Montana PFD Details:

  • All vessels less than 16 feet long must be equipped with a wearable PFD for each person on board or being towed.
  • All vessels have at least one Type I, II, or III PFD that is wearable, in good and serviceable condition, and of the proper size for each person on board.

PFD Age Laws

What age do you have to wear a life jacket in Montana? Children under 12 years of age are required to wear a life jacket at all times when aboard a vessel that is in motion. 

Type IV Throwable PFD

Do I need a Type IV “throwable” on my kayak in Montana? No. Only vessels 16 feet or longer in length are required to have a Type IV throwable on board.

Related Article: Kayak Life Jacket Laws by State (50 State List)

Montana Kayaking Lights Laws

What lights do I need on my kayak at night? Powered Vessels (kayaks and/or canoes with a trolling motor) require red and green sidelights visible from at least one mile away, as well as an all-round white light visible from at least two miles away.

While anchored or moored, only the all-round white light is necessary.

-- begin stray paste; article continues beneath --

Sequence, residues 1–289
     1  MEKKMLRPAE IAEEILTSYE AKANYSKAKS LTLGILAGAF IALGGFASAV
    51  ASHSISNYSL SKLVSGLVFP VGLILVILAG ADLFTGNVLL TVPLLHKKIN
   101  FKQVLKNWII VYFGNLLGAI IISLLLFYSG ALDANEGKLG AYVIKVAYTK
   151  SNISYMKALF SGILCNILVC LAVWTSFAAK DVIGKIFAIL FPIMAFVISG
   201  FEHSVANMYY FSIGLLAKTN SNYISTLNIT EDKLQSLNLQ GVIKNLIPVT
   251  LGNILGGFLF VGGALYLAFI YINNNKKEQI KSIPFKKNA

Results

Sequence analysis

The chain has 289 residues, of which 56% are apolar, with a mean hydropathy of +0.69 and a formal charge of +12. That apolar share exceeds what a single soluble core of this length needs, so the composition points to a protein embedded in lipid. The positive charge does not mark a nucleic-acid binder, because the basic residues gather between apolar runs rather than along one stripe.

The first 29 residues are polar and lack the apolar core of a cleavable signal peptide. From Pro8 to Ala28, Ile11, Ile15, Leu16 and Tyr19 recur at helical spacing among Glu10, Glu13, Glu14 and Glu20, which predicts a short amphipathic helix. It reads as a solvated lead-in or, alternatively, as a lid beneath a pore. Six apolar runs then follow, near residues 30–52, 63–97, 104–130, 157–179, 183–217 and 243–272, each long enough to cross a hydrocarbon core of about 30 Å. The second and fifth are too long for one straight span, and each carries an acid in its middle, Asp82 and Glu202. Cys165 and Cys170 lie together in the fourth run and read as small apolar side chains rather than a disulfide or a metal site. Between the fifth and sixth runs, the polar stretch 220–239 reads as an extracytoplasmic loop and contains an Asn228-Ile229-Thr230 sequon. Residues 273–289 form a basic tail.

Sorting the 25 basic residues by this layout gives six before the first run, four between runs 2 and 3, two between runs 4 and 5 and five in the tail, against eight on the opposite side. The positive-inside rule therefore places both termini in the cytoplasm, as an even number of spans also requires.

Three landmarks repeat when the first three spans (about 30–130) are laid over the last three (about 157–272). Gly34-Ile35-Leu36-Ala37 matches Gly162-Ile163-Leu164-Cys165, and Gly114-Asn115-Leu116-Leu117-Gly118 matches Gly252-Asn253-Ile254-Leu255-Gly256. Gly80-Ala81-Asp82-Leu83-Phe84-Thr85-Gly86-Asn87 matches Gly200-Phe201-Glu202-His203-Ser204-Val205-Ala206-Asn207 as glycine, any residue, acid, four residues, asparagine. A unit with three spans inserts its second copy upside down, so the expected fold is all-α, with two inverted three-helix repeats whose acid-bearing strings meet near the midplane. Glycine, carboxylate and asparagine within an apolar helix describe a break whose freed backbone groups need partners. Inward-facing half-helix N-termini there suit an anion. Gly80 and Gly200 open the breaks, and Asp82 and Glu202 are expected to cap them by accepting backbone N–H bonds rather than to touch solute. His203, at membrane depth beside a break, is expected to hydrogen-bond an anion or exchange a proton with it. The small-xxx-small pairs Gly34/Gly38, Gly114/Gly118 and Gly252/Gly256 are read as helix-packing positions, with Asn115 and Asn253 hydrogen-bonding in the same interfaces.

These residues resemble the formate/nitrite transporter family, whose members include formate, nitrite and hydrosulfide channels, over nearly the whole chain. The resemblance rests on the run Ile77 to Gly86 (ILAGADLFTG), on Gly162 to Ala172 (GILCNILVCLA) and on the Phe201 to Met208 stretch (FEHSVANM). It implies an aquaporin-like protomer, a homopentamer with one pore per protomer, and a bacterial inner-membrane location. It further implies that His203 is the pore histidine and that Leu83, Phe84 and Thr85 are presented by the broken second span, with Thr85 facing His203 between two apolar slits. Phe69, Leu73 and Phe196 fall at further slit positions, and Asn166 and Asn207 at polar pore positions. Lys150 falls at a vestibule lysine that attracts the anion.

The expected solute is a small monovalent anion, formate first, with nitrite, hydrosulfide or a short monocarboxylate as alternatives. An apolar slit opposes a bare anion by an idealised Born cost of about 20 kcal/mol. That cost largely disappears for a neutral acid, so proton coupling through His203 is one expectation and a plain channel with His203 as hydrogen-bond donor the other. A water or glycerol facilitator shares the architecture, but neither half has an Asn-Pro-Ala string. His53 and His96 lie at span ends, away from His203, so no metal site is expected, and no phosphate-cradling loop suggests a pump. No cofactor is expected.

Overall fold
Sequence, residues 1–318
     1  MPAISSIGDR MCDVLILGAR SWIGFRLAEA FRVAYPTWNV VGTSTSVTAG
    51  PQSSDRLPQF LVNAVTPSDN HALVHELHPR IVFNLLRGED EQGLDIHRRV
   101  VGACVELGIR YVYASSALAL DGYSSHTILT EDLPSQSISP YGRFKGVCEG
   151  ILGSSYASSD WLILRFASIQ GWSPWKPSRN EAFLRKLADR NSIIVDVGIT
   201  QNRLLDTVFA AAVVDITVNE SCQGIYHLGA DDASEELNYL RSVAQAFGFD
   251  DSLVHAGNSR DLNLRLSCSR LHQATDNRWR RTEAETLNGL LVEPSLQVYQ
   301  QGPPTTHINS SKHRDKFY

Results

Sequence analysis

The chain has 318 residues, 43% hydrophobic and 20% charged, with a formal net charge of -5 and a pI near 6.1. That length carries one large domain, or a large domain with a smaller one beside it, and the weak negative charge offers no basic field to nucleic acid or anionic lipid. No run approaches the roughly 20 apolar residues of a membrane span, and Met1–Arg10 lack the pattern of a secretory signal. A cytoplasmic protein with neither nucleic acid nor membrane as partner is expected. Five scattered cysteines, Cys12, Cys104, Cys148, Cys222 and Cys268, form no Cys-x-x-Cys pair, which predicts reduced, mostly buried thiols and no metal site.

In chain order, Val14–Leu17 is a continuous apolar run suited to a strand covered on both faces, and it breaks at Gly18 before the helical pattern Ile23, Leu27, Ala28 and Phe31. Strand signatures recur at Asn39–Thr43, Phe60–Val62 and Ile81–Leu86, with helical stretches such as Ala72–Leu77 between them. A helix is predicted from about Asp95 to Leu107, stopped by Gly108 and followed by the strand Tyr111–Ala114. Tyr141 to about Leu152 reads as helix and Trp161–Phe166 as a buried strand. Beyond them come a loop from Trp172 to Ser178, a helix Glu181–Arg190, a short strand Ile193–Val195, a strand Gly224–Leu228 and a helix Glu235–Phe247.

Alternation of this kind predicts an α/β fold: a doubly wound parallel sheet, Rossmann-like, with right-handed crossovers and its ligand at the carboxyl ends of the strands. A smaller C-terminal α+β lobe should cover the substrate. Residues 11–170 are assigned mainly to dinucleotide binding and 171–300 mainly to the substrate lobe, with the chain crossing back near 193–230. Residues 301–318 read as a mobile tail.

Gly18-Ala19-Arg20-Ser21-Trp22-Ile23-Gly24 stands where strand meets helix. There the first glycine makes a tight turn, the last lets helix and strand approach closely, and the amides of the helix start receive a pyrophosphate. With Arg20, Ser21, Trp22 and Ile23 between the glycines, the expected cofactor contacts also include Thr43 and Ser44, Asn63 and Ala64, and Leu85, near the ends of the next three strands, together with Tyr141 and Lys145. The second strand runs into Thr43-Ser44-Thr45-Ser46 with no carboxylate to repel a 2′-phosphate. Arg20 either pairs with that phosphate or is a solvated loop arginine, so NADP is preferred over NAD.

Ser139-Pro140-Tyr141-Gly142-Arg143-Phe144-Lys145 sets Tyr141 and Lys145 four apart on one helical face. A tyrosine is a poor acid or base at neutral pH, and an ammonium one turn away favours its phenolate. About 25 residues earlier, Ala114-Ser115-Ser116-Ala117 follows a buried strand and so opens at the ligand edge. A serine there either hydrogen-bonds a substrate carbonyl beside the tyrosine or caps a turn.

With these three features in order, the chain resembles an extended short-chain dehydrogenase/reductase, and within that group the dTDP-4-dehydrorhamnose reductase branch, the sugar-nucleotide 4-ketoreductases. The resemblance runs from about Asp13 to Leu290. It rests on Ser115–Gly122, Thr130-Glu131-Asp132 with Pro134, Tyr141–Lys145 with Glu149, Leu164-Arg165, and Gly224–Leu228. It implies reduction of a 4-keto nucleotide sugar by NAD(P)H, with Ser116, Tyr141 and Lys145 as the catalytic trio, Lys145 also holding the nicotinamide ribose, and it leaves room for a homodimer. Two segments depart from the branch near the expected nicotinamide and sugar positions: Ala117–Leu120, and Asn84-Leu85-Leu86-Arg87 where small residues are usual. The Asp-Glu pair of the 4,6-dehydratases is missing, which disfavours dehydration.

Unpowered vessels must carry a white lantern or flashlight that can be displayed when necessary. If practical, they should also display red and green sidelights and a sternlight.

Montana Kayaking Sounding Devices Laws

Do I need a whistle on a kayak in Montana? No. Only motorboats that are at least 16 feet long are required to have a sounding device on board. However, Montana advises that all vessels carry a whistle or horn for use during periods of reduced visibility.

The sounding device should be capable of producing a continuous sound that is audible for at least one-half mile.

The best “sounding” device for kayakers and canoeists is a whistle attached to your PFD in a place that’s quick and easy to deploy.